That damned bear. He keeps watching. His paws are raised to greet us. Or eat us. Whatever. Close the drapes.
Nothing personal. 2007 marks the lucky 40th anniversary of L.A. signing on as Berlin’s sister city, for reasons that’re hard to figure except both burgs’ seals feature bears: the strolling California one for us, a rampant black one (etymology: bär-lin) for them. So it must have been about 1967, at the height of the Cold War, that “the people of free Berlin” presented Fern Dell Park, across the street from my bunker, with the bronze bear. The spy. At least he’s not as brazen as Leif Erikson, 50 yards west, who just stares (no arms to wave). Thank you, Norway.
The Goethe-Institut Los Angeles has its own way of celebrating sisterhood: the new “Partikel” music series, whose first installment Saturday presented artists indebted to German electro pioneers. In the words of Susan Mainzer’s press release, “Black turtlenecks are optional.”
The Institut is a place to be or become German. Set back from Wilshire Boulevard in a newish mall across from LACMA, the modern little space has the feel of a Christian Science Reading Room. It’s a library, in fact, with Deutsch-themed books, CDs and DVDs lendable. (A disc of early Oskar Fischinger abstract films made me consider getting a card.) Past the library, the severe white auditorium holds something over 100 people, displays some German woodcut prints on the walls, and had a very good surround-sound system on this occasion. There were things to drink. An efficient setup; you can rent it.
Onstage stood a long table littered with laptops, synthesizers and patch cords. A rather large flat-panel screen above showed abstract images throughout; more on that later.
The black-shirted opening duo, Zeitpunkt, hewed closest to the tribute concept but came off kinda flat. Drew Anderson and Jim Cowgill had exhumed a couple of long red-and-black vintage analog synths, which, after a long stretch of washy ambience, permitted their operators to generate boinky sequencer melodies and brainy rhythm loops redolent of Kraftwerk but without the dance factor. The laptops played a slave role of accenting and processing; the overall aesthetic was spare and ephemeral. If Zeitpunkt had milked the parody possibilities, they might have been more fun.
Head shaved to look the part of an electronic modernist, Reed Rothchild churned up Zen melodies, sophisticated rhythms and deep textures with his laptop. His bassier sound spectrum went for the gut and the feet as well as the mind, but his use of recorded music (somebody or other doing “Ruby Tuesday” and Newley-Bricusse’s “Feeling Good”) seemed like an incongruously cheap way to hook an audience that wasn’t looking for pop anyway, and it served no artistic purpose that I could divine. Still, Rothchild laid out a satisfying set all by himself.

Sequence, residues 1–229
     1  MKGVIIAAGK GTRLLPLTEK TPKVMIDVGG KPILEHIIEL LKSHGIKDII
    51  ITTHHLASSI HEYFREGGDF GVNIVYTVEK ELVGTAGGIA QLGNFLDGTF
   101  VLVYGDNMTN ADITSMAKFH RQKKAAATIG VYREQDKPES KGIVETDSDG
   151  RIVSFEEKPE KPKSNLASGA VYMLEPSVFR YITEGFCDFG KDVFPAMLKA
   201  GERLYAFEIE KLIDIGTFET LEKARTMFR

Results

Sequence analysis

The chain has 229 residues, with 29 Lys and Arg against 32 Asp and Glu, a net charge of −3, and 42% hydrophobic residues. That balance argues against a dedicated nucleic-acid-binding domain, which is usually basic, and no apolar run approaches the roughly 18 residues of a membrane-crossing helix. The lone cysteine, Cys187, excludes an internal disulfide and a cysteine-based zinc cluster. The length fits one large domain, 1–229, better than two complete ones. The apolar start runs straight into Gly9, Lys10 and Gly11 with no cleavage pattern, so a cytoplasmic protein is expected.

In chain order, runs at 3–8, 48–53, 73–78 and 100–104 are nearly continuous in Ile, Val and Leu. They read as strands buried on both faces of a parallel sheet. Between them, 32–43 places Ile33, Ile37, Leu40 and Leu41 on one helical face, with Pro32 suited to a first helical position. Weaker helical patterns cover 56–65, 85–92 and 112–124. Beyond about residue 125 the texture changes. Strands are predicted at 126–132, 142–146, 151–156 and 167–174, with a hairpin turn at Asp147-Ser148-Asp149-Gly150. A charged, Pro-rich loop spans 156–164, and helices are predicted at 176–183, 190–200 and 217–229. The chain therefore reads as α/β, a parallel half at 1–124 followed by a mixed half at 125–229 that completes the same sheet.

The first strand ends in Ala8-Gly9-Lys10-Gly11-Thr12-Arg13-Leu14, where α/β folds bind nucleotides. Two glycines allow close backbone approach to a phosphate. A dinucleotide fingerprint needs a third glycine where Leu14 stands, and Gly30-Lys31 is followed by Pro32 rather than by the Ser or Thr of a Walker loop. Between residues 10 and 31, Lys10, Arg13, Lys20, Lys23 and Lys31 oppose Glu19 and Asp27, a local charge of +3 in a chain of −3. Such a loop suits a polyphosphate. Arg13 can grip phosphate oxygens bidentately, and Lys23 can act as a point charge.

Henry Strange, a bearishly cheerful dude with geek glasses and straight, shoulder-length hair, brought the noise -- chirps, wozzes, urps, symbiotic echoes, turntably effects with a theremin, even what amounted to a synthesized percussion solo. His beatwork ripped along with bouncy dynamism, and he made great use of the surround-sound speakers, aggressively flashing effects around the space like a handball. Best of all, Strange was improvising, not entirely in control; it gave the whole thing a sense of tightwire suspense.
Last up, overlapping with the end of Strange’s set, was the trio of John von Seggern (laptop), Steve Tavaglione (electronic wind instrument and laptop) and Peter Maunu (electric guitar). Maunu got a windy drone going, Tavaglione trailed out some eerie tones, and von Seggern scared up a gently knocking beat; vaporous textures began to pile up in beautiful, lulling combinations. And then I had to leave. Too bad, it was promising.
The motion visuals, courtesy of Optical Light Pipe, acted sometimes as an apt complement, sometimes a welcome distraction, sometimes a puzzlement. Mostly abstract, they appeared to be assembled from various sources -- some older, some newer; some color, some not; some computer-generated, some filmed. The best included breathing shroomy objects, thorny branches constantly repositioned, Xmasy kaleidoscopes, an expanding mass of bean sprouts, and a vivid growing red worm thing.
Even though the images’ relationship to the music had a semirandom quality, they added a lot; the field of abstract audio-visual interaction is growing, and I’d love to see more artists specializing in it. I’m old enough to remember when every acid-rock concert was augmented by kids projecting images of colored oils manipulated on the spot, and I wonder why that went away in favor of preprogrammed light stagings. It may not seem like it, but we’re still organisms.